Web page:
def has_in_between {α} [has_lt α] (x y : α) := ∃ z : α, x < z ∧ z < y class number (α:Type*) extends decidable_linear_order α := [nonempty_decidable : decidable (nonempty α)] (arbitrary : ∀ [nonempty α], α) [subsingleton_decidable : decidable (subsingleton α)] (min : option α) (max : option α) (min_prop : ∀ a, a ∈ min ↔ ∀ m:α, a ≤ m) (max_prop : ∀ a, a ∈ max ↔ ∀ m:α, m ≤ a) (next : α → option α) (next_prop : ∀ x y, y ∈ next x ↔ x < y ∧ ∀ z:α, z ≤ x ∨ y ≤ z) (prev : α → option α) (prev_prop : ∀ x y, y ∈ next x ↔ x < y ∧ ∀ z:α, z ≤ x ∨ y ≤ z) (is_dense : bool) (is_dense_prop : if is_dense then ∀ x y : α, x < y → ∃ z : α, x < z ∧ z < y else (∀ x ∉ max, ∃ y, y ∈ next x) ∧ (∀ x ∉ min, ∃ y, y ∈ prev x)) [has_in_between_decidable : ∀ x y : α, decidable (has_in_between x y)] (zero : option α) (neg₀ : α → option α) (add₀ : α → α → option α) (mul₀ : α → α → option α) (sub₀ : α → α → option α) (div₀ : α → α → option α) (neg₁ : α → option α) (add₁ : α → α → option α) (mul₁ : α → α → option α) (sub₁ : α → α → option α) (div₁ : α → α → option α)

#### Nima (Apr 21 2018 at 09:10):

They used to be like this.

The reason I separated `min`

and `has_min`

is just for performance of the final **hypothetical** code.

`has_min`

is never slower than `min`

, but it is quite possible for it to be faster.

For example,

def has_inf : Prop := if is_satisfiable c then is_bounded_left c else number.has_max α def inf (h: has_inf c) : α := if hsat : is_satisfiable c then let hbl := eq.mp (if_pos hsat) h in if ht : is_trivial c then number.min (hbl (or.inl ht)) else if hd : dirk = kupper then number.min (hbl (or.inr hd)) else get_bound c (not_trivial_is_not_ktrv c ht) else number.max (eq.mp (if_neg hsat) h)

#### Mario Carneiro (Apr 21 2018 at 09:13):

when will knowing `has_inf`

make computation of `inf`

faster?

#### Mario Carneiro (Apr 21 2018 at 09:14):

A quick and simple addition to allow for faster implementations of `has_min`

is the following extra field:

[has_min : decidable min.is_some]

#### Nima (Apr 21 2018 at 09:15):

I did not say using `has_inf`

makes `inf`

faster, suppose all I want is `has_inf`

. If I use option, I have to call `inf`

. But `has_inf`

could have been implemented faster.

#### Mario Carneiro (Apr 21 2018 at 09:16):

or you could do it in two stages with a `bool`

function:

(has_min : bool) (has_min_prop : has_min = min.is_some)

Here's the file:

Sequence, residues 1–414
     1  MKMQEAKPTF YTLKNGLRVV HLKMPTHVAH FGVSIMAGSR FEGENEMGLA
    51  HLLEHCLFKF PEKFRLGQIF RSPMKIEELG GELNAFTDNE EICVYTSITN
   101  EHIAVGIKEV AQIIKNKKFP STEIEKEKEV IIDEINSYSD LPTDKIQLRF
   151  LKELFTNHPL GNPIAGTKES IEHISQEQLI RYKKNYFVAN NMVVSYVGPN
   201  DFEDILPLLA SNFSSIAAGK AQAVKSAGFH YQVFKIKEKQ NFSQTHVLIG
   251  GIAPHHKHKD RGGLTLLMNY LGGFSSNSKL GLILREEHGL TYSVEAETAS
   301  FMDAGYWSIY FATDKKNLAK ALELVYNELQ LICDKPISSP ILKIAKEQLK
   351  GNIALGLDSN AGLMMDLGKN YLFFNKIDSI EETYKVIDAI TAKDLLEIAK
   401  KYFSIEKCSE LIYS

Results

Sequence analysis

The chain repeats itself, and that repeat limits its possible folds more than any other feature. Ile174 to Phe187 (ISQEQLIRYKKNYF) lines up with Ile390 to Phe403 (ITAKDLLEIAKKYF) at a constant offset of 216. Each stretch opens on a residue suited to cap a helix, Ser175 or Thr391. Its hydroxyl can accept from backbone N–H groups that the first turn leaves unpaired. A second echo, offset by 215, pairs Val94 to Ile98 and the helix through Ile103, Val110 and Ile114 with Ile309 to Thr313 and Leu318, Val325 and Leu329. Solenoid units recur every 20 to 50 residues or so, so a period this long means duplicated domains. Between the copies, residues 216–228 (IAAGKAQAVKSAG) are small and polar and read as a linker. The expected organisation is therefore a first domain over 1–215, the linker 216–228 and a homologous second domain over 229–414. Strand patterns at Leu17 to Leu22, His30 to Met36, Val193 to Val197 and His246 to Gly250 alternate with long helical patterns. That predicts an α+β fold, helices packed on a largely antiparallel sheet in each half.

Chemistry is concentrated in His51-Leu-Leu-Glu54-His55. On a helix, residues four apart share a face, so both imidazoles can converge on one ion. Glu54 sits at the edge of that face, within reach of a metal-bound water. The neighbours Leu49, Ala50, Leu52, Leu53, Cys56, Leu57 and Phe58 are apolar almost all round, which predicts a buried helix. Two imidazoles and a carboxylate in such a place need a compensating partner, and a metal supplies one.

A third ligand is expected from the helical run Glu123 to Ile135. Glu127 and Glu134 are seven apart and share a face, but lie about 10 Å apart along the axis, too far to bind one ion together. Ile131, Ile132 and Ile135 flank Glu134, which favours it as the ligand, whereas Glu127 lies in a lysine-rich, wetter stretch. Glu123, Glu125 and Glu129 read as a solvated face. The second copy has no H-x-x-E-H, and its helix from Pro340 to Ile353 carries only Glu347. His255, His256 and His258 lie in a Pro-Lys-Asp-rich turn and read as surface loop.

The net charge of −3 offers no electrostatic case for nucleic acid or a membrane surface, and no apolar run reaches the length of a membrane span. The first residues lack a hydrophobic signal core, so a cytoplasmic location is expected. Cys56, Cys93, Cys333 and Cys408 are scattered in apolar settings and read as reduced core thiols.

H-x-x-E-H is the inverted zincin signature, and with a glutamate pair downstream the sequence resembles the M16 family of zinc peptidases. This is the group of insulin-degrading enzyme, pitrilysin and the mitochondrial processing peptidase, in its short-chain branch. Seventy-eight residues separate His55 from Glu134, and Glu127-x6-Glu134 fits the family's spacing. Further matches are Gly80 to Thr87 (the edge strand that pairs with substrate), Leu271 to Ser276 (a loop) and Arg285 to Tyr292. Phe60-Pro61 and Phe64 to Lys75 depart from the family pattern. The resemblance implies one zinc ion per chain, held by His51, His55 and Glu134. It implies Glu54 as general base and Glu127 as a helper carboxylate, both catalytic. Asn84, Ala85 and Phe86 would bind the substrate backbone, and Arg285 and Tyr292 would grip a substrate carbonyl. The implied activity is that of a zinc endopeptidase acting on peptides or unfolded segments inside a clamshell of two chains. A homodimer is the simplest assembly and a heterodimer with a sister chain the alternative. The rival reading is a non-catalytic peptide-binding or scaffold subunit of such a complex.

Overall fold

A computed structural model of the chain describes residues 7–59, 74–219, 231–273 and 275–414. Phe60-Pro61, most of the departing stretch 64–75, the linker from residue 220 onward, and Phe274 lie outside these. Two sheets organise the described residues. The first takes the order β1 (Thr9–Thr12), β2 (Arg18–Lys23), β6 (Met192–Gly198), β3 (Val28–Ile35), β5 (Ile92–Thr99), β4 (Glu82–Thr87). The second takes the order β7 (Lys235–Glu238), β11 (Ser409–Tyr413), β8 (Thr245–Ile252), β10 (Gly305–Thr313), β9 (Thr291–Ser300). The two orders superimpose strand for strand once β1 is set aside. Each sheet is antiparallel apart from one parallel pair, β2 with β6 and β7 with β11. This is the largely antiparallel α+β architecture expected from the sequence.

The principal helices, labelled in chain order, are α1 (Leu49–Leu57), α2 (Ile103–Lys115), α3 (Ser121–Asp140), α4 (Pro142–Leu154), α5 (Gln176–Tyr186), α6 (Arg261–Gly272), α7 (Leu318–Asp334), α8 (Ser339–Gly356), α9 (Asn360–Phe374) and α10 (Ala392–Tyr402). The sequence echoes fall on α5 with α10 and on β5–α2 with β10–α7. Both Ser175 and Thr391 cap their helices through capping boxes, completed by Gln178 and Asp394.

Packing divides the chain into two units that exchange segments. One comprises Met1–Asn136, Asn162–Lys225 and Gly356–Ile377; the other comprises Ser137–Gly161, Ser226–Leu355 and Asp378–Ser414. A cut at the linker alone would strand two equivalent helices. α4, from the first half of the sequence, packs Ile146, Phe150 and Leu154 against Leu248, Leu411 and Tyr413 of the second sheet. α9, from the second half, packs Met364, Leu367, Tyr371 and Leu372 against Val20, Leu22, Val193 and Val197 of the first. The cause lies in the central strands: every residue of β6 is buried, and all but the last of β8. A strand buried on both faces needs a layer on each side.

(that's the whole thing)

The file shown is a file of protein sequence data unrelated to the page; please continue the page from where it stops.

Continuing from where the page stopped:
#### Mario Carneiro (Apr 21 2018 at 09:17):

that way it won't interfere with the definition of `min`

or `inf`

or whatever

#### Nima (Apr 21 2018 at 09:17):

May be we mean different things by `implementation`

. I mean non-lean code, more specifically C++. If I did not care about performance, I would never consider C++.

#### Mario Carneiro (Apr 21 2018 at 09:19):

I care about performance more than most lean users, indeed I'm writing a compiler and we have to think about these things. But the extra hypothesis parameter is not as erasable as it appears at first

#### Nima (Apr 21 2018 at 09:20):

Are you talking about `(h: has_inf c)`

as a parameter to `inf`

?

#### Mario Carneiro (Apr 21 2018 at 09:20):

yes

#### Mario Carneiro (Apr 21 2018 at 09:20):

How do you intend to relate the lean code you are writing to C++? This affects performance considerations

#### Mario Carneiro (Apr 21 2018 at 09:21):

Is this code to be `#eval`

d? Compiled to C++ and then run? Used only for correctness verification?

#### Nima (Apr 21 2018 at 09:27):

But that is for `inf`

and not `has_inf`

.

Right now I know nothing about automatic code generation in lean. I doubt it does exactly what I wish (not sure what exactly that is either). For example, if I have a constraint, I want it to be mutable. If I define addition of two constraints, there is going to be 5 (I guess) additions, but in lean I will have only one. So mostly manual transformation. That could also be a reason why I am not a fan of `match`

in lean. I don't know any formal semantics for c++, so not much into verification/validation. But I was thinking about an interval that support both strict and non-strict constraint in both dynamic and static, and realized that is too much for me to verify on my mind. So it would be nice if I can prove the operations first (on a scratch paper) and then at least be sure about the correct behavior.

Last updated: May 11 2021 at 00:31 UTC